Fall Vegetables To Plant In Your Garden

It’s easier than you might think to plant a second crop for fall harvesting. Autumn crops are even easier to care for than spring crops.

You’ve already done the hard work of preparing the garden beds for planting in the spring. The cool-season crops will be long since harvested by mid-summer, and many other plants will be exhausting their productivity soon, making room in your garden beds.

All you have to do is remove any plant debris and amend the top couple of inches of soil with compost. Insect pests won’t be as numerous, weeds will sprout less frequently and grow less vigorously, and fall rains will lighten the burden of keeping everything sufficiently watered.

Timing is Everything

There are many cool-season and cold-hardy crops that can be started as the growing season reaches its peak. Your biggest challenge will be timing the various crops so that they have sufficient time to mature before your first average fall frost date.

A number of cold-hardy crops are actually improved by a little frost. The starch in parsnips converts to sugar after a light frost or two, making the roots sweeter. Brussels sprouts benefit from exposure to freezing temperatures. A little frost can enhance the flavor and sweetness of kale and collards.

However, cold temperatures aren’t the biggest challenge to growing fall crops. It’s the reduced amount of sunlight and shorter day lengths that present the biggest handicap for producing crops into the fall and winter months. The plants will grow quickly at first, and slow as the days become shorter and colder.

Find the first average fall frost date for your region and then work backwards to figure the appropriate planting time for the crops you want to grow. Remember that fall vegetables will grow and mature more slowly, and add an extra 2 or 3 weeks to that date for cool-season crops, to be on the safe side.

It’s better to plant too early than to get these crops in the ground too late. Cold-hardy crops will continue to grow through the first frosts.

Best Crops for Fall and Winter Harvesting

Cold-Hardy Vegetables:

growing brussels sprout

  • Brussel sprouts – start from seed indoors, or buy transplants
  • Cabbage – start from seed indoors, or buy transplants
  • Collards – direct seed; can withstand cold down to 20 degrees F
  • Kale – can overwinter outdoors even in cold climates
  • Parsnips – direct seed; taste better after freezing temperatures
  • Spinach – direct seed

Cool-Season Crops to Direct Seed:

growing carrots

  • Carrots – can be left in the ground until the soil freezes
  • Chard – protect with row covers after the first frost to harvest into the winter
  • Lettuce – grow varieties intended for fall planting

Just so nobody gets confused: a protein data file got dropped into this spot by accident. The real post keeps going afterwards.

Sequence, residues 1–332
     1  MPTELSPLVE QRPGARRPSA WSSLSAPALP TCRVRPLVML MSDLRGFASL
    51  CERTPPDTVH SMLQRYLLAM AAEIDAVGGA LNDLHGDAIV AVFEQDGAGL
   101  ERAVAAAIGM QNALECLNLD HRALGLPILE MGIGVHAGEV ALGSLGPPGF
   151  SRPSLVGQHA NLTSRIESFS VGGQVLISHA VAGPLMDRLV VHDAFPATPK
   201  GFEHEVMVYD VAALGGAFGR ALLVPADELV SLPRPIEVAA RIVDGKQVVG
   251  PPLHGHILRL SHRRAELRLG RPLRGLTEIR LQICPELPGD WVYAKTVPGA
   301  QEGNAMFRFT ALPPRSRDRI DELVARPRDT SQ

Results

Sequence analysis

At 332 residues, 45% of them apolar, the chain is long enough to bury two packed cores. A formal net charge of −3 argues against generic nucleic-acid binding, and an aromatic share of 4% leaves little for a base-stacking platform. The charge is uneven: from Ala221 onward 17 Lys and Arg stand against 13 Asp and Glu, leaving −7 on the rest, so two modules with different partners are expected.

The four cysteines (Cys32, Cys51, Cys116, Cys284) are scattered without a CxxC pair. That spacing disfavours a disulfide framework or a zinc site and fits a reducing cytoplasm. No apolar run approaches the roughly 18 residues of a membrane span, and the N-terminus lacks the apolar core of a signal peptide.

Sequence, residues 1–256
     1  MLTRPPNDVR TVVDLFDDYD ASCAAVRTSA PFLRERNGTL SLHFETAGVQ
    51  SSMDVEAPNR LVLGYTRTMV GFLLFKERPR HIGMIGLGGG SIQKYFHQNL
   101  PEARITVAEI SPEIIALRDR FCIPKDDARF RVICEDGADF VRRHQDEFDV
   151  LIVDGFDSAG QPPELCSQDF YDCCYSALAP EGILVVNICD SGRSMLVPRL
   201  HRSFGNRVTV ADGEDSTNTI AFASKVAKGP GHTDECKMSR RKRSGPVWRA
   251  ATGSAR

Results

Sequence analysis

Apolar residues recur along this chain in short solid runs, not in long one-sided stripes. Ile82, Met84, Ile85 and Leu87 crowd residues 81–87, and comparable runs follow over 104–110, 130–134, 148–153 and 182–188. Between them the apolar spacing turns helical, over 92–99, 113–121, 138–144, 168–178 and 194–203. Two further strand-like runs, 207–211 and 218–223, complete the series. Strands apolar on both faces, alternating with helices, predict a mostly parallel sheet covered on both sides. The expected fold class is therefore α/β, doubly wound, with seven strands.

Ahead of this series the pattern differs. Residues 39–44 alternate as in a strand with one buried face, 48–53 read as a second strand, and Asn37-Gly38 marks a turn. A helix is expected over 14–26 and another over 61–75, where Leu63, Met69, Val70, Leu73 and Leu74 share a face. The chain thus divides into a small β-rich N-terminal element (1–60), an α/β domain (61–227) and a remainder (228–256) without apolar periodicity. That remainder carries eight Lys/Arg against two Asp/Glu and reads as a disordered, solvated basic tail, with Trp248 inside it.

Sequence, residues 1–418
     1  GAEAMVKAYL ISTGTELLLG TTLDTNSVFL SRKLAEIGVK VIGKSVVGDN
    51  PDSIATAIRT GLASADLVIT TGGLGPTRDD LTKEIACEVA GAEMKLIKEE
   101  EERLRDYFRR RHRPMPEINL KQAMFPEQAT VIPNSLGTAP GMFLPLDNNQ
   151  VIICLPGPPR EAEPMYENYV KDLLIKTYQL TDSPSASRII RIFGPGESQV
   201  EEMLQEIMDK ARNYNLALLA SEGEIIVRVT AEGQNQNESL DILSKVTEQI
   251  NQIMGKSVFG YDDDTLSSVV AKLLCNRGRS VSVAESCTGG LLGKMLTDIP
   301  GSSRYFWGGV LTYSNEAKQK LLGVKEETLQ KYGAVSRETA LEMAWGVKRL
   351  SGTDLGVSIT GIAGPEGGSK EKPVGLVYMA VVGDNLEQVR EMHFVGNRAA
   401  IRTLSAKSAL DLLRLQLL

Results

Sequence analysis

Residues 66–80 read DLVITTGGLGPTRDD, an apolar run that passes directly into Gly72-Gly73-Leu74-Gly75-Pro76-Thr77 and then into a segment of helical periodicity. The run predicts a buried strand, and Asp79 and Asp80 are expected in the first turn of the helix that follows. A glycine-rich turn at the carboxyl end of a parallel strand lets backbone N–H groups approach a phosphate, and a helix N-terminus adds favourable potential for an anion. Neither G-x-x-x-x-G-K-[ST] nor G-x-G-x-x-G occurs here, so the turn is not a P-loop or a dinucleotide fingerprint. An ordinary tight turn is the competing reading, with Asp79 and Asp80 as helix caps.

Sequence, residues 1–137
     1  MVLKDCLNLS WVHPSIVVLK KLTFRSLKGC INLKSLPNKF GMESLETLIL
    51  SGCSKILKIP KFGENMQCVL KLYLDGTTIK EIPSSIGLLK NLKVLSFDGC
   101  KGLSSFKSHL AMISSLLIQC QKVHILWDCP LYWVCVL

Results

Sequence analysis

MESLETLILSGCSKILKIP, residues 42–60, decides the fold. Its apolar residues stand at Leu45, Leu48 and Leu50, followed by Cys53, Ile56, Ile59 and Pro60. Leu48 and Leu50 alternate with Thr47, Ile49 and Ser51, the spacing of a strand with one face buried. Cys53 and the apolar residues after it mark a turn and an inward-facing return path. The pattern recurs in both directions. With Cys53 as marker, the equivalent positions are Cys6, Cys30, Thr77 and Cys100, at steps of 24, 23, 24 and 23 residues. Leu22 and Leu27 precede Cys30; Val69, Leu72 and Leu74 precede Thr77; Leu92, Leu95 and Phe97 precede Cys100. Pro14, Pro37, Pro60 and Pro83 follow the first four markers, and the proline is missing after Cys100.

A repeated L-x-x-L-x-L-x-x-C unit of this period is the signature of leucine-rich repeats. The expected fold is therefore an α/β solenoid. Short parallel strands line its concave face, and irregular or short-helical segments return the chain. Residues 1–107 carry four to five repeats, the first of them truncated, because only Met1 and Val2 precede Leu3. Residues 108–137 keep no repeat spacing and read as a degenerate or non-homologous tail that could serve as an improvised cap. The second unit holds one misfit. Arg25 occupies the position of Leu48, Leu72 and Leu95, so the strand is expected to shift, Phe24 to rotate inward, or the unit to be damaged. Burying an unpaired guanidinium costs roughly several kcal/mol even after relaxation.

• Mustard – use cold-tolerant varieties
  • Radishes – daikon types grow slower, but keep longer
  • Snap peas and snow peas – plant heat-tolerant varieties to withstand the temperatures of late summer
  • Turnips – can overwinter in the ground in the South

Cool-Season Crops to Transplant:

growing Cauliflower

  • Broccoli – row covers will extend the season; some cultivars can withstand temperatures down to 20 degrees F; will grow all winter above 40 degrees F
  • Cauliflower – self-blanching cultivars with good leaf coverage will withstand some frost; frozen heads are still edible if harvested before they thaw

Warm-Season Crops for Fall Planting:

growing Cucumbers

  • Beans – add an extra 2 weeks prior to the average first-frost date in your area
  • Cilantro – also known as Chinese parsley
  • Cucumbers – add an extra 2 weeks prior to the average first-frost date in your area
  • Parsley – with row covers, this biennial may survive the winter; cut off flower stalks as they emerge in the spring to keep the parsley alive
  • Scallions – certain cultivars can be grown as a perennial and need only be divided to propagate

Row covers will extend the season of many of these fall vegetables. Spinach and lettuce can be grown in cold frames all winter. Some cool-season plants won’t germinate well in hot weather, and should be started indoors.

Some seeds will respond well to being chilled in the refrigerator for a couple of weeks prior to planting. If you keep a record of planting dates and the results of your harvest, it will assist in adjusting your timing in seasons to come.

Early summer is the time to start planning which fall vegetables you want to plant, so get out your seed packets and catalogs and start counting backwards. A simple chart to indicate which crops should be started when will help keep you on track.

Fall vegetables to plant in your garden


About the Author

With the endless passion for organic living, I - Ann Sanders has come up with the idea of creating A Green Hand. Being the founder and editor of A Green Hand, my goal is to provide everyone with a wide range of tips about healthy lifestyle with multiform categories including gardening, health & beauty, food recipe,...

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